Kaadalan and the politics of resignification : fashion, violence and the body

Vivek DHARESHWAR, Tejaswini NIRANJANA

Research output: Journal PublicationsJournal Article (refereed)peer-review

Abstract

The song 'Mukkaala Muqabla', from the Tamil film Kaadalan (Loverboy), has been the biggest hit of the year, perhaps of the decade. The peculiar voice of Mano has been resonating in cinema halls, living rooms, streets, and video coaches across the nation. The visual sequence of the song — which dominated various TV count-down shows such as Superhit Muqabla, BPL Oye and Philips Top Ten — is quite fantastic, even bizarre. A pastiche on spaghetti westerns, the sequence opens with the hero — his hair and beard bleached blonde — sitting on a horse with a noose around his neck and the bad guys about to shoot the horse. The heroine gallops into the frame with a gun and shoots off the rope to liberate the hero. Then begins the dance, performed with great élan by Prabhudeva. The sequence itself is a strip of narrative very much in the MTV genre, and has no apparent link to the larger narrative of the film. The song/dance sequence in Indian films has always been a relatively autonomous block, one of the requirements of the dominant form of manufacture rather than a diegetic necessity. This tendency of the song/dance sequence toward autonomy has been intensified in recent years by the competition of television and the MTV genre as well as by the market opened up by them. So elaborately orchestrated dance sequences, each representing an autonomous strip of narrative, have become an imperative for the survival of the film industry.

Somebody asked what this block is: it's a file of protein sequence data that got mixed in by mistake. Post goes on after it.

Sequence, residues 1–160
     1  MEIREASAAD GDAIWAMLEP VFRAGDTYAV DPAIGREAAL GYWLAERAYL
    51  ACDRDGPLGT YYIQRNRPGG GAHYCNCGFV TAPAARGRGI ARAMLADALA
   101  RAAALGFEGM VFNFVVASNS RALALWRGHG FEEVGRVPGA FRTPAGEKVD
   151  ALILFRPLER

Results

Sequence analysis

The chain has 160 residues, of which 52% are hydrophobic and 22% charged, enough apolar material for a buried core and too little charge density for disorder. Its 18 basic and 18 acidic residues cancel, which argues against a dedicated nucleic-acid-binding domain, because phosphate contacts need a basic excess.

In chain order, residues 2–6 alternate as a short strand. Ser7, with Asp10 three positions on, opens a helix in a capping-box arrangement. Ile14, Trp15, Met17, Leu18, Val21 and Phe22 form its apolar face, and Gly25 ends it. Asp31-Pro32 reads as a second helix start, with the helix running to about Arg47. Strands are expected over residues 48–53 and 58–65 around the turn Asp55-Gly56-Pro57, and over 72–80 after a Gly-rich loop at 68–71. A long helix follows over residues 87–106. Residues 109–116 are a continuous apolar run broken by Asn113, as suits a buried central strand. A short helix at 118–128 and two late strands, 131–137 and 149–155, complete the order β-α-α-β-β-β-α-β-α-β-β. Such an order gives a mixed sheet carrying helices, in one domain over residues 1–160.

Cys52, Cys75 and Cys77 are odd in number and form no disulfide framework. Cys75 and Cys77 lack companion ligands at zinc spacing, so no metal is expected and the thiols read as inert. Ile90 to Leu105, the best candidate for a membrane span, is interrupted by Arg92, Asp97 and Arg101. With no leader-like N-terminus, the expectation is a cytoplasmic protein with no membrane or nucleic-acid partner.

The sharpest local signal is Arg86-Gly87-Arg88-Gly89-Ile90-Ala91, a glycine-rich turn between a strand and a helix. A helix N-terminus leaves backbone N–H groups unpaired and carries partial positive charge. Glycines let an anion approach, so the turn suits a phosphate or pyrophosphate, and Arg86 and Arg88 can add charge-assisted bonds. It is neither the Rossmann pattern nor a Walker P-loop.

Original languageEnglish
Pages (from-to)5-26
Number of pages22
JournalJournal of Arts and Ideas
Issue number29
Publication statusPublished - 1 Jan 1996
Externally publishedYes

Bibliographical note

This article also published in R. S. Vasudevan (Ed.) (2000), Making meaning in Indian cinema (pp. 191-214). Dehli: Oxford University Press.

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